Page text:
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Maryland

A Maryland Geography Lesson

In the 1920s, a reporter for National Geographic visited Maryland and dubbed the state “America in Miniature.” We’re proud of our nickname, and we think it sums us up quite nicely.
Maryland has all – from mountains to seashores – and everything is within about a 3-hour drive of our biggest city, Baltimore. To make it easier on visitors, we’ve divided the state into five tourism regions. Here’s a capsule description of each, just to whet your appetite. No matter where you go, you’ll find something fun just around the corner.

Western MarylandCentral MarylandSouthern MarylandCapital RegionEastern Shore

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Biking Along the C&O Canal – On July 4, 1828, President John Quincy Adams broke ground for the 184.5-mile Chesapeake and Ohio Canal that now extends from Georgetown in Washington, DC to Cumberland, Maryland. Bikers along the towpath can view original structures including locks, lockhouses and aqueducts.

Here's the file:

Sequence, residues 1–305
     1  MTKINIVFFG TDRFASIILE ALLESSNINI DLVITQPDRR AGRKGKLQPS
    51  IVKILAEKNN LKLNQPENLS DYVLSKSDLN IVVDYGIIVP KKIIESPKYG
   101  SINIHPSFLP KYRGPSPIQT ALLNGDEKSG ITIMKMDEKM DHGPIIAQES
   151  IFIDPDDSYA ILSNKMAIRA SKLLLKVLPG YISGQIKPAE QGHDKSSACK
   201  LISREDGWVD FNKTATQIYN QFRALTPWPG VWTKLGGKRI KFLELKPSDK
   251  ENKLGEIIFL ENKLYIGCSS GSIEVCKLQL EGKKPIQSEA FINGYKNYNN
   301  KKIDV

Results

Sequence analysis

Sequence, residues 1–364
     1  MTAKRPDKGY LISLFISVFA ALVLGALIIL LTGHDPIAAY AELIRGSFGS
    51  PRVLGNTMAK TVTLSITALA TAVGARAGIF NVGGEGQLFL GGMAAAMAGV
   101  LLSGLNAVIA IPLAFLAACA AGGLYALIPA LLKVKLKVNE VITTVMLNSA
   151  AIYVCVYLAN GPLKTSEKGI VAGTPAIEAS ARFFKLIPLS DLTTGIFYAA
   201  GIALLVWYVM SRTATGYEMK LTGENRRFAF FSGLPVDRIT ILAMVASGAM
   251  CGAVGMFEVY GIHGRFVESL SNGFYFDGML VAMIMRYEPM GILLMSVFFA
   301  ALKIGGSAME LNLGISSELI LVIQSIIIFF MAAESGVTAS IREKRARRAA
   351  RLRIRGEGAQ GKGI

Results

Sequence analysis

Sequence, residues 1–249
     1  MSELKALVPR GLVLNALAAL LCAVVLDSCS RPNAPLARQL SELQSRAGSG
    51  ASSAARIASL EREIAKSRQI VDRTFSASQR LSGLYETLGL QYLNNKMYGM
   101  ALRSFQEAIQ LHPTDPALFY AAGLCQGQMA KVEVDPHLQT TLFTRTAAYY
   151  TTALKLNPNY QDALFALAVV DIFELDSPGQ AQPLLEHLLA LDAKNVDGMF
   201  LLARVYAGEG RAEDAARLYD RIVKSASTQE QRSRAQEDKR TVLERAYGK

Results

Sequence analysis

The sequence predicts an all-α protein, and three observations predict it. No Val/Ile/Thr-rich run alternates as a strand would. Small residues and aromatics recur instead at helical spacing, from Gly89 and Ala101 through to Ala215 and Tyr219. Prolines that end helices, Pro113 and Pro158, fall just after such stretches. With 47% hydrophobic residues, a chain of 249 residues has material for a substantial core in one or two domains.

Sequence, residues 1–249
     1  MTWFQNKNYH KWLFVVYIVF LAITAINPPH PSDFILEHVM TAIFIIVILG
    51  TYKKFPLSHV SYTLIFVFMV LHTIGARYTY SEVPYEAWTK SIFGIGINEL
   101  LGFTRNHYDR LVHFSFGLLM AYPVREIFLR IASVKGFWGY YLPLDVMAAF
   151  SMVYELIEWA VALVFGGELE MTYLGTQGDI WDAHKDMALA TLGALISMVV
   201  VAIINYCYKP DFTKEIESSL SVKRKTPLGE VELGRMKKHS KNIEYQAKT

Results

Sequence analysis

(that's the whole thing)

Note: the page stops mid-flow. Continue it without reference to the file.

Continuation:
Biking Along the C&O Canal – On July 4, 1828, President John Quincy Adams broke ground for the 184.5-mile Chesapeake and Ohio Canal that now extends from Georgetown in Washington, DC to Cumberland, Maryland. Bikers along the towpath can view original structures including locks, lockhouses and aqueducts.

   
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Document Information
Source: Maryland Office of Tourism; magazineUSA.com
Last modified: 20080409
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